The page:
zeromq: an easy-to use IPC mechanism

Zeromq is a library that makes IPC as simple as reading and writing messages. No multithreading is required, as zermoq handles all the fuss of queuing and dispatching messages.

IPC (Inter Process Communication) is something I have been interested in for awhile, but found it very difficult to write usable code. One weird idea I had was to make an ncurses server. The idea is that you would open a terminal, start and start this ncurses server. You could then send commands to that server, and it would move the cursor about and display text that it was told to. Anybody would be able to send it a message, so it wouldn’t be intended to be tied to one process.

It turns out that zeromq is an ideal candidate for this, and I found out about it when I started digging into IPython, and found out that it uses it as a communication transport mechanism. Zeromq is easy to use, as I’ll illustrate in the example below.

I’m going to build a little server and client. The purpose of the zero is to return a number. Every time you call the server, it will give you back the next number in the sequence.

Here’s the server:

#include <zmq.h>
#include <string.h>
#include <stdio.h>
#include <unistd.h>
#include <assert.h>

int count = 0;

int main (void)
{
  // Socket to talk to clients
  void *context = zmq_ctx_new ();
  void *responder = zmq_socket (context, ZMQ_REP);
  int rc = zmq_bind (responder, "tcp://*:5555");
  assert (rc == 0);

  while (1) {
    char buffer [20];
    zmq_recv (responder, buffer, 20, 0);
    printf ("Received Hello\n");
    sleep (1); // Do some 'work'
    sprintf(buffer, "Answer: %d\n", count);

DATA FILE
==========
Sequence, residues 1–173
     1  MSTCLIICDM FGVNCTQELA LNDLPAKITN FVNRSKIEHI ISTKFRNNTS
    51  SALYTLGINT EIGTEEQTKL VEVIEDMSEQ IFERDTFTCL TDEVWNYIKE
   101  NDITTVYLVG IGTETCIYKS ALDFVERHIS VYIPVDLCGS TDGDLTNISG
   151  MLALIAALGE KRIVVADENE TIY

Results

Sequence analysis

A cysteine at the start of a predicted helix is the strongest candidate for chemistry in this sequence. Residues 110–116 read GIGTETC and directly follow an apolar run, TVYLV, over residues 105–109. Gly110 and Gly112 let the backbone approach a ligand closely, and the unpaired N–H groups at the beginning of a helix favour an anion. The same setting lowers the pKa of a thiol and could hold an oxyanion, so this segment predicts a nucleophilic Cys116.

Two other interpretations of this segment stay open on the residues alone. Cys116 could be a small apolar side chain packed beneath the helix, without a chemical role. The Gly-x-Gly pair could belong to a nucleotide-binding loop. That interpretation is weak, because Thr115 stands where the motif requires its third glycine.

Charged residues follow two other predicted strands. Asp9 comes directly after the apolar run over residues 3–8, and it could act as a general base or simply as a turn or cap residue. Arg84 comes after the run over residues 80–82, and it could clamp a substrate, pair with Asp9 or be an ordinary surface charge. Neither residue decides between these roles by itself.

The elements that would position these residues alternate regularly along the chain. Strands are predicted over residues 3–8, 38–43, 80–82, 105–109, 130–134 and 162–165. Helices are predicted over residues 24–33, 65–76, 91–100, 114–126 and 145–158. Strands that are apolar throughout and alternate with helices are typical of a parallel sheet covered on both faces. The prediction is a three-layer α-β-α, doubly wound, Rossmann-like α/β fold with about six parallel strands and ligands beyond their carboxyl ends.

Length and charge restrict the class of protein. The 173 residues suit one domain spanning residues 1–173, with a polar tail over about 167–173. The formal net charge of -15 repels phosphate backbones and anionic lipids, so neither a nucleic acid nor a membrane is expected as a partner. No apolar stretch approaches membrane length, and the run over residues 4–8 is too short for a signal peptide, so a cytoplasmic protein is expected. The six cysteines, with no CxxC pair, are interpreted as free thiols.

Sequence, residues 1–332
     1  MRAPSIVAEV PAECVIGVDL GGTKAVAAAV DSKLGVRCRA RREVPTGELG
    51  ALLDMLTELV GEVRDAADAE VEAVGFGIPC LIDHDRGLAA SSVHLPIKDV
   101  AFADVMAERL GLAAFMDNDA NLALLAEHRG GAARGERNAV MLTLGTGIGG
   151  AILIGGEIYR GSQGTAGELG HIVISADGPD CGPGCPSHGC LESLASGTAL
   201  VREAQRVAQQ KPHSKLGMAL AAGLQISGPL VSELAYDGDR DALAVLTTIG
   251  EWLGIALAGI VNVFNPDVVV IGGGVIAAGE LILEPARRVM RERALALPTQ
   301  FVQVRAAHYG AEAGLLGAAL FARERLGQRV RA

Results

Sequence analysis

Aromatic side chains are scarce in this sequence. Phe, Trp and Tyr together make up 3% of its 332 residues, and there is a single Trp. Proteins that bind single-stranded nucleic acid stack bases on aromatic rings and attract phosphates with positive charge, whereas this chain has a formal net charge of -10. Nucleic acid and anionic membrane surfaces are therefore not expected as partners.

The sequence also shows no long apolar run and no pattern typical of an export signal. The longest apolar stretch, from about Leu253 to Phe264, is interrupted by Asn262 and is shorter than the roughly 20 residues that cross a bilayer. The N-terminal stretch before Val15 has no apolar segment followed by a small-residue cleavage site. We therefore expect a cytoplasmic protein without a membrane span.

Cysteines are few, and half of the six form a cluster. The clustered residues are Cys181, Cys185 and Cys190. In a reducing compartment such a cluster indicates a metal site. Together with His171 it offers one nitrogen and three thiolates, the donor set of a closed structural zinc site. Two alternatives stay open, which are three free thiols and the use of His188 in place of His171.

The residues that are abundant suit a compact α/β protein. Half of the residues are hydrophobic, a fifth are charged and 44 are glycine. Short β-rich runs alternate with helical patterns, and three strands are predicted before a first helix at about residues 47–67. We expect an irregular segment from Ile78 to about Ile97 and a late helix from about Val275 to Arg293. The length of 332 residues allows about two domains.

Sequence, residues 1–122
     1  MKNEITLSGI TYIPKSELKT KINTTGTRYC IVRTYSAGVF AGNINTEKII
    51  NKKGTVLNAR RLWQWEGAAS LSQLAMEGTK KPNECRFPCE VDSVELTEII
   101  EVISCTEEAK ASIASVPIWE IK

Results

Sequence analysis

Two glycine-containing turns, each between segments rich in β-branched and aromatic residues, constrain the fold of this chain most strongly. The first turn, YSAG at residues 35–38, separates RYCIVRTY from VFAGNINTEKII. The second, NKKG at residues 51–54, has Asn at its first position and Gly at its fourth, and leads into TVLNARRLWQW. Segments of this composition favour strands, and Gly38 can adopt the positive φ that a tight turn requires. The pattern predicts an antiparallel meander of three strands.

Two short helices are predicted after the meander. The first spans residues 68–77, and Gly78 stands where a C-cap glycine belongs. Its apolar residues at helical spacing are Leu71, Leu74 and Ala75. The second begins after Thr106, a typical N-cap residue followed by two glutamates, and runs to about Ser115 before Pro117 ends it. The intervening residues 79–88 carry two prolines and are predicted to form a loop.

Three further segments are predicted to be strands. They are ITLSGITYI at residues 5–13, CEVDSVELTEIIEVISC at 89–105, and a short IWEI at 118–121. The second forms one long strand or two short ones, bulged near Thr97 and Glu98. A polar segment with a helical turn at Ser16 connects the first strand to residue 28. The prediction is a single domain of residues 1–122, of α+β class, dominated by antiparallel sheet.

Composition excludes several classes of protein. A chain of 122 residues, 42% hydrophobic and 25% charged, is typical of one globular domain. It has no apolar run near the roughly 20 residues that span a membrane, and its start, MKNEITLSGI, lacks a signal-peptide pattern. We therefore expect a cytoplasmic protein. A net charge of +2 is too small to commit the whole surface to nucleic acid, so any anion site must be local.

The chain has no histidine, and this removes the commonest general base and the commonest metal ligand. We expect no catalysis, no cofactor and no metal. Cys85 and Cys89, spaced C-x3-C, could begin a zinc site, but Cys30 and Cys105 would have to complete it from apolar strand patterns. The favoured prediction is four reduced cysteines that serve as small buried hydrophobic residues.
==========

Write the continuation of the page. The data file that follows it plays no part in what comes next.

zmq_send (responder, buffer, 20, 0);
    count++;
  }
  return 0;
}

You compile it using a command like:
gcc -o server server.c -lzmq

You will need to install the zeromq dev library, of course. It is likely to be available on most distributions. Ubuntu users are, of course, amply covered. ‘count’ holds the sequential value, which is incremented after sending each response. Notice how conceptually simple the code is. It’s really no more complicated than reading or writing to a file.

Now let’s write the client:

#include <zmq.h>
#include <string.h>
#include <stdio.h>
#include <unistd.h>


int main (void)
{
  printf ("Connecting to hello world server…\n");
  void *context = zmq_ctx_new ();
  void *requester = zmq_socket (context, ZMQ_REQ);
  zmq_connect (requester, "tcp://localhost:5555");

  printf ("Sending Hello \n");
  zmq_send (requester, "Hello", 5, 0);
  zmq_recv (requester, buffer, 20, 0);
  printf ("Received World %s\n", buffer);

  zmq_close (requester);
  zmq_ctx_destroy (context);
  return 0;
}

Again, this is very straightforward. You can see that we’re using port 5555 as communication port. Compile it: gcc -o client client.c -lzmq

Start the server: ./server &

Send a message to this server by typing: ./client
You get back the response:
Connecting to hello world server…
Sending Hello
Received Hello
Received World Answer: 0

Run it again: ./client
The response this time is:
Connecting to hello world server…
Sending Hello
Received Hello
Received World Answer: 1

And so on, and so forth.

Very neat. Zeromq has bindings for Python, as you’d expect, but there are bindings for many other languages, including Haskell, Lua, Java, Perl, and so on.

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About mcturra2000

Computer programmer living in Scotland.
This entry was posted in Computers and tagged , , , , . Bookmark the permalink.

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